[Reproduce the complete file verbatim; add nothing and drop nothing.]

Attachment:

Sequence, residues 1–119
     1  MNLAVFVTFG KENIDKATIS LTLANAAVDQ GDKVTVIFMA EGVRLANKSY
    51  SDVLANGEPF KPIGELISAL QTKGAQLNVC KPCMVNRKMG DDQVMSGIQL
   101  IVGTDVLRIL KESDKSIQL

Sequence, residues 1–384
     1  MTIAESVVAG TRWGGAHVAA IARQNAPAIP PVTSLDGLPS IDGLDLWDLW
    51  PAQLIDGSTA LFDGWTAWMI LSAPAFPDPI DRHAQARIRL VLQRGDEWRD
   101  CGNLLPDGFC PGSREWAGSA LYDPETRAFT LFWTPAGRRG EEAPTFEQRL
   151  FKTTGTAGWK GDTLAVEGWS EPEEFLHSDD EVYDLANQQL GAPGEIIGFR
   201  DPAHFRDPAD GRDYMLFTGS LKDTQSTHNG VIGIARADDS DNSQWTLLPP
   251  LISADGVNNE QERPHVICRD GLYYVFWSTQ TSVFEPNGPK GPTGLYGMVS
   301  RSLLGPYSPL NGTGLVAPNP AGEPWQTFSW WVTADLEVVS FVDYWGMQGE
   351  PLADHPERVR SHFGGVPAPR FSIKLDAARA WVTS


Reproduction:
Sequence, residues 1–119
     1  MNLAVFVTFG KENIDKATIS LTLANAAVDQ GDKVTVIFMA EGVRLANKSY
    51  SDVLANGEPF KPIGELISAL QTKGAQLNVC KPCMVNRKMG DDQVMSGIQL
   101  IVGTDVLRIL KESDKSIQL

Sequence, residues 1–384
     1  MTIAESVVAG TRWGGAHVAA IARQNAPAIP PVTSLDGLPS IDGLDLWDLW
    51  PAQLIDGSTA LFDGWTAWMI LSAPAFPDPI DRHAQARIRL VLQRGDEWRD
   101  CGNLLPDGFC PGSREWAGSA LYDPETRAFT LFWTPAGRRG EEAPTFEQRL
   151  FKTTGTAGWK GDTLAVEGWS EPEEFLHSDD EVYDLANQQL GAPGEIIGFR
   201  DPAHFRDPAD GRDYMLFTGS LKDTQSTHNG VIGIARADDS DNSQWTLLPP
   251  LISADGVNNE QERPHVICRD GLYYVFWSTQ TSVFEPNGPK GPTGLYGMVS
   301  RSLLGPYSPL NGTGLVAPNP AGEPWQTFSW WVTADLEVVS FVDYWGMQGE
   351  PLADHPERVR SHFGGVPAPR FSIKLDAARA WVTS